Alp cheese is only produced in the summer - with milk from the cows, goats or sheep that graze on the Alpine pastures. It is only when the milk production and cheese making take place on the mountains themselves that the cheese may be called Alp cheese.

Since the 15th century, people living north of the Alps have been using rennet – a substance from the stomach of a cow – to make hard cheeses. This hard cheese was greatly appreciated because it was much more durable than the cottage cheese that people had been making before. It allowed them to create a milk supply for the winter. And so were the foundations of the Swiss cheese culture laid... Until the 18th century, hard cheese was made only in the summer in the Alps. The milk yields of those times meant that the cows were dry for a long time in the winter and the rest of the milk produced was used the household. This changed in the early 19th century, when the practice of intensive agriculture enabled cheese to be produced in the valleys and during the winter – i.e. at times when the cows were being fed hay. The cheese made year-round in the valleys in the mountainous regions is now known as mountain cheese - to distinguish it from Alp cheese.

Speciality Alp cheese

The term Alp cheese is protected and may only be used for cheeses that are made in summer on the Alpine farms. The cows graze freely on the mountains and seek out their own food on the rich, lush Alpine pastures. Their summer home in the mountains gives them a culinary high, as here they enjoy eating hundreds of different herbs – as opposed to only a few dozen types in the valleys. This healthy food diversity, the great freedom of movement and the crystal clear mountain water creates tasty raw milk that can be gently made into cheese while still at body temperature and without the need for major transport routes.

Tasty and healthy

All these criteria do not only have a positive impact on the taste of Alp cheese but they also make it particularly rich in omega-3 fatty acids, which have a positive effect on the human cardiovascular system. Confirmation of these recent scientific findings is found, interestingly enough, in a melody, which is often sung by the Alpine farmers and in which the health-giving virtues of cheese and butter are extolled: "Miär Sennä heis luschtig, mier Sennä heis guet, hei Chäs und hei Ankä (Butter), das git üs guets Bluet…"

Production with body and soul

No sooner has the cow been milked than the fragrant raw Alpine milk is processed on site in a "Chessi" (a big cheese kettle) over a wood fire. Although many Alpine cheese dairies have modern facilities, the Alp cheese is still mainly produced by hand. Instinct and experience are the main qualities required. Primitive utensils and elaborate methods are often used. Smoke from the wood fire, various locally-grown herbs, and individual production methods and traditions determine the flavour, colour, shape, maturity and level of hardness of the cheese. This creates a large variety of various types – semi-hard, hard and extra hard Alp cheeses for grating, breaking up and slicing, from young mild cheeses to more spicy varieties.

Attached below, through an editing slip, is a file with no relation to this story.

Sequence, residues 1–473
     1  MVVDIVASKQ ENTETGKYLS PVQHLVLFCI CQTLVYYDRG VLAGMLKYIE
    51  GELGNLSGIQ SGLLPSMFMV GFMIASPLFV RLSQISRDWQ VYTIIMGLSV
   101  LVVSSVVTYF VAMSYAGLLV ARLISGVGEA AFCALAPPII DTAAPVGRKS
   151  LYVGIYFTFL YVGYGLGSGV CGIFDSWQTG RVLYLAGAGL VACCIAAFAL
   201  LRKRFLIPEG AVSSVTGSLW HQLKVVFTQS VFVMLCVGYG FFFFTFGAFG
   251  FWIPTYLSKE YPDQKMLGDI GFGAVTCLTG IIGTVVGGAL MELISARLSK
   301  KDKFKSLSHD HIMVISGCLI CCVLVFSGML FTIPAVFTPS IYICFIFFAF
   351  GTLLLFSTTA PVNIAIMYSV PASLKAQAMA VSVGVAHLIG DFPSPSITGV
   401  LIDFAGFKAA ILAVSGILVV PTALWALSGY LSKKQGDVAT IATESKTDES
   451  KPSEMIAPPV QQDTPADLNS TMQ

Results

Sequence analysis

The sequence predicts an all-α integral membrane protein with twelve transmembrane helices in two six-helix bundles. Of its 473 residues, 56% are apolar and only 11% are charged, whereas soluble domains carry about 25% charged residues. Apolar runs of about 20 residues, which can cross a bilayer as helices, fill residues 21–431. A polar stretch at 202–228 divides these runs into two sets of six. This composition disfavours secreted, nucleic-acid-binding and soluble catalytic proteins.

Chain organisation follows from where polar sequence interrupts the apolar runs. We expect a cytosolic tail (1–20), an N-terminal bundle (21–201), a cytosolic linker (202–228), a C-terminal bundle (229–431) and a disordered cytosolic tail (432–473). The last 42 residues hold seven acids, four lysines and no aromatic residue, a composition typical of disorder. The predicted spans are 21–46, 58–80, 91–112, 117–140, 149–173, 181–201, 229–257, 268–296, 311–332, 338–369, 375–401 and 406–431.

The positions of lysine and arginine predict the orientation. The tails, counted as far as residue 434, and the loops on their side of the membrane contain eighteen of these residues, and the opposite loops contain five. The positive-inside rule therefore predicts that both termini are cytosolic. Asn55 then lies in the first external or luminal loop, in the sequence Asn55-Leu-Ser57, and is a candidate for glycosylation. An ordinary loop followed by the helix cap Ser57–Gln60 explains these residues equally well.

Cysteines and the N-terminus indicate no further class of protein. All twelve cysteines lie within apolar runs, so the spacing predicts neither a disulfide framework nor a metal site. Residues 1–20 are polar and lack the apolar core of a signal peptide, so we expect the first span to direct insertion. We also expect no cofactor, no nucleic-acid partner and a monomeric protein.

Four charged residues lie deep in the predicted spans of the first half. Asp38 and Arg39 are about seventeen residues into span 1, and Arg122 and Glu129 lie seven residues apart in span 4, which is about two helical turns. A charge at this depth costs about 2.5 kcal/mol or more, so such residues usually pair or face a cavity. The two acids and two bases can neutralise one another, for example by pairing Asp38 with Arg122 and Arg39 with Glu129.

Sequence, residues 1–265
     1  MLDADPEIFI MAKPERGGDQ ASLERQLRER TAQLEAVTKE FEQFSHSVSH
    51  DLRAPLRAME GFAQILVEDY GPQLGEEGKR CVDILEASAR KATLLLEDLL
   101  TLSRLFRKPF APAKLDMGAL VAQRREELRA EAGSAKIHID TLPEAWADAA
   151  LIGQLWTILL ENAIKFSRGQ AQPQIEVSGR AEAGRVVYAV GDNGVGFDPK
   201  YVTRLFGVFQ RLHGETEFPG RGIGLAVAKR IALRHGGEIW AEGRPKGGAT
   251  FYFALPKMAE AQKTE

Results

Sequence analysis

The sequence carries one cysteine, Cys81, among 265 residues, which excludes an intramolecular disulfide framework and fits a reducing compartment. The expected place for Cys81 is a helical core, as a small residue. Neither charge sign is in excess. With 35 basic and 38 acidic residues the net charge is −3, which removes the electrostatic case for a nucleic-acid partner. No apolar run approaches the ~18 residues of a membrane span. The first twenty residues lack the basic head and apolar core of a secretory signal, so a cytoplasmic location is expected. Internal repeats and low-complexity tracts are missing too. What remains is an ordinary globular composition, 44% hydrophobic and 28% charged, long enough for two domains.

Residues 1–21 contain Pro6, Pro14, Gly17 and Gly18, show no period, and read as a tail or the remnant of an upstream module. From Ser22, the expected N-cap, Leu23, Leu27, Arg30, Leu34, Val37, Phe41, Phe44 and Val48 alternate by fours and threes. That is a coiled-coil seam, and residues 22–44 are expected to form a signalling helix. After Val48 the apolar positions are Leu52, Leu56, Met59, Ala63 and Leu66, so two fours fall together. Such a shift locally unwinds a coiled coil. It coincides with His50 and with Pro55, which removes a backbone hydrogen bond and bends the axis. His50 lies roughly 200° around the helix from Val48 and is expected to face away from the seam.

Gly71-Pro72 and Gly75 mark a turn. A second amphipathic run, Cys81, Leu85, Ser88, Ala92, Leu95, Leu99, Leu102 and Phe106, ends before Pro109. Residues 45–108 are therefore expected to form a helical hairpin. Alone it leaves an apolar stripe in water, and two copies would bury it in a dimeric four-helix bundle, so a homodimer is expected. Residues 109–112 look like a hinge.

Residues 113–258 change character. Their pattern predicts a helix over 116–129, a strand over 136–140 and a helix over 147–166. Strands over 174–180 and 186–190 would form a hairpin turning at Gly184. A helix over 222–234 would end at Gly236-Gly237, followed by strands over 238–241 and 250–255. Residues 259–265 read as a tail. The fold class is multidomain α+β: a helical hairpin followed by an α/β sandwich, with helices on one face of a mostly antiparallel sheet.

Coveted rarity

The limited duration of production and the varying storage times mean that Alp cheeses are not always available everywhere. However, this makes it a very desirable speciality. The cheese may be directly obtained in the Alps during the summering season. During the year, when it is available, it is on sale at some large retailers, in cheese stores or directly from the producers.

Show dairies and cheese cellars

In Switzerland there are many smaller and larger cheese dairies, including many Alpine dairies. There you can not only watch the cheese makers at work, but often, under their expert guidance, you can lend a hand yourself. The cheese cellars are also worth a visit as here hundreds of cheeses can be stored in the one place and in the correct way. Some cheese cellars offer tastings and tours (e.g. Etivaz, Gstaad, Goms).

Chästeilet tradition

Especially in the canton of Bern, the end of the summer grazing season is celebrated with what is known as the "Chästeilet". At the end of September, the Alp cheeses are divided among the owners of the cows. Since not all cheeses are of equal quality, lots are drawn to decide which cheese goes to whom. The cheese is divided in proportion to the milk produced by the cows of the respective owners during the summer. In many places, the Chästeilet is also a cause for celebration and ends in a traditional festival, with music and a large party, and is an unforgettable experience for locals and visitors alike.

Awards and Alp cheese markets

At the end of the Alpine summer pasture season, the Alpine farmers compete in the regional cheese competitions. Juries evaluate the cheeses by various criteria and select the prize cheese. These events are often associated with a festival or an Alp cheese market.

Quality product with a guarantee of origin

With the Alp cheese consulting services and the certification of the Swiss Alpine farms, Alp cheese comes with a high standard of quality. Most of the Swiss Alp cheese is produced according to the AOP specifications. AOP («Appelation d‘Origine protégée») is a protected label and guarantees that 100 percent of the cheese comes from the area of origin. The following cheeses bear the AOP label:
  • L’Etivaz AOP
  • Berner Alp- und Hobelkäse AOP
  • Tessiner Alpkäse AOP
  • Le Gruyère d’alpage AOP
  • Vacherin Fribourgeois d’alpage AOP
  • Alpsbrinz AOP

Additional links:

Additional information about Swiss milk producers Detailed information about cheese on